The Felixstowe Dock and Railway Company Limited and Others

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30 January 2012

The recent case of Felixstowe Dock and Railway Company Limited v Others [2011] UKFTT 838 provides commentary on the availability of group relief to several companies, in respect of losses made by a UK company through an intermediate Luxembourg holding company.

Facts

The Hutchison Whampoa group was a worldwide group of companies headed by Hutchison Whamppoa Limited, a company resident for tax purposes in Hong Kong.  The referral to the Tribunal arose out of claims for group relief by the relevant Hutchison Whampoa companies ("the Applicants") in respect of losses made by one member of the group, Hutchison 3G UK Limited ("the Surrendering Company").

At the relevant time, the Surrendering Company was owned by a consortium of companies through an intermediate Luxembourg holding company.  Relief had been claimed under s.406 of the Income and Corporation Taxes Act ("ICTA") 1988 (claims relating to losses etc... of consortium company or group member), but was deemed to be unavailable by HMRC.

In order for s.406 relief to be available there must exist a "link company" which is both a member of the consortium and a member of the group of companies.

In this case, the Applicants stated that the Luxembourg company was the "link company" on the basis that it was a member of the consortium owning, through an intermediate UK resident holding company, the Surrendering Company, and was in addition a member of a group of companies which included the Applicants.

Entitlement to group relief under s.406 is also not available unless the claiming company is resident in the UK or is a non-resident company carrying on a trade in the UK through a permanent establishment.  The Luxembourg company did not obviously satisfy this criteria.

It was argued by the Applicants that such a requirement is inconsistent with European Union law, and it could not be applied against the Applicants as it would be contrary to the provisions under the UK/Luxembourg double tax treaty.

Judgment

The questions therefore referred to the Tribunal were:

  1. is the requirement for a link company to be resident in the UK or carrying on a trade in the UK through a permanent establishment, an infringe of the EU law rights of any company in the Hutchison Whampoa group?;
  2. to what extent do the provisions (Article 26) of the UK/Luxembourg double taxation convention impact upon the Applicants' claim for group relief?; and
  3. what is the impact, if any, of the anti-avoidance section, s.410 ICTA, on the application for group relief?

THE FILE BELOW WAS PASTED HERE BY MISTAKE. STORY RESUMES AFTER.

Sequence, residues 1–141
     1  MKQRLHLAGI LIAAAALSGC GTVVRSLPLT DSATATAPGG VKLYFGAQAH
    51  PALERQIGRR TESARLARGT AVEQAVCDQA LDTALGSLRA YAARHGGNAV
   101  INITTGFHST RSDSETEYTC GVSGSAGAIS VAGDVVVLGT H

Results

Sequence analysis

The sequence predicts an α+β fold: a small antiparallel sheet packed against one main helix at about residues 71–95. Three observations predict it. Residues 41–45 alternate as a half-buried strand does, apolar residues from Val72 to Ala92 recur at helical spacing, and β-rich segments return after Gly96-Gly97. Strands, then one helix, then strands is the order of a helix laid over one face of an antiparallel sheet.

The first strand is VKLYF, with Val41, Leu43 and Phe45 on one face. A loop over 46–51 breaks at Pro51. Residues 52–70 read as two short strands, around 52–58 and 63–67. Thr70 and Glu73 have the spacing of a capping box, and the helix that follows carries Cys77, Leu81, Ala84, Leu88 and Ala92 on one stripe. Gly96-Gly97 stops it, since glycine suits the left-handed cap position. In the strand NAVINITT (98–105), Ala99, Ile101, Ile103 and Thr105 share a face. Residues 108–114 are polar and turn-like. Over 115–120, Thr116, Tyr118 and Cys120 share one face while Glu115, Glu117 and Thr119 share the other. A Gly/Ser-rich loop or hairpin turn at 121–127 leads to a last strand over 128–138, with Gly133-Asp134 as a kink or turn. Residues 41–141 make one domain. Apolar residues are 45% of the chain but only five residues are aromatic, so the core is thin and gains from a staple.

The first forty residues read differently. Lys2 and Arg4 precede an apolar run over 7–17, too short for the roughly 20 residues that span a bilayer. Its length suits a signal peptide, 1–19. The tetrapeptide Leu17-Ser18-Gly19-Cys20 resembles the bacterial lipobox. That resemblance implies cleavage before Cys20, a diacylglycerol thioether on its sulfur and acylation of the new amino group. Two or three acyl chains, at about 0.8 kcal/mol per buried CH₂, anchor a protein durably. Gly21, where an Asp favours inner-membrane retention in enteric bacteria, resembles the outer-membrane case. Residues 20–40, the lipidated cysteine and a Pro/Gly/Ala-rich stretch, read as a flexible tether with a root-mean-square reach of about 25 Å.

The Tribunal decided to refer the EU law question to the ECJ as they felt that they could not answer it with complete confidence.

In answer to question 2, by reason of its inability to surrender losses to the Applicants, the Surrendering Company was subjected to "any taxation or other requirement connected therewith" within the meaning of the double tax treaty.  That inability to surrender losses arose solely on the ground that the Surrendering Company was indirectly owned by a company which was resident in Luxembourg and not resident in the UK.  However, provisions in ICTA (s.788) had the effect of allowing the Applicants to obtain relief for losses surrendered by the Surrendering Company: it was the only way to give effect to the non-discrimination commitment in Article 26 of the double tax treaty.

S.410 ICTA is an anti-avoidance section which has the effect of precluding group relief in certain circumstances if specified "arrangements" exist.  HMRC argued that such arrangements did exist from November 2003 until June 2005 in relation to a sale and purchase agreement entered into by Hutchison Whampoa Limited.  The Tribunal judged however, that the effect of s.410 ICTA was to treat the Surrendering Company as not being party to such arrangements as outlined by the Revenue.

Analysis

It will be interesting to await the ECJ's judgment on the impact of s.406 ICTA on the EU law rights of a non-UK company claiming group relief in relation to losses.  The judgment will no doubt impact on the consideration given to corporate structuring regarding the availability of group relief for losses.

If you have any questions, please contact Nigel Popplewell by e-mail on nigel.popplewell@burges-salmon.com or Natalie Stoter on natalie.stoter@Burges-Salmon.com in the Corporate tax team.  

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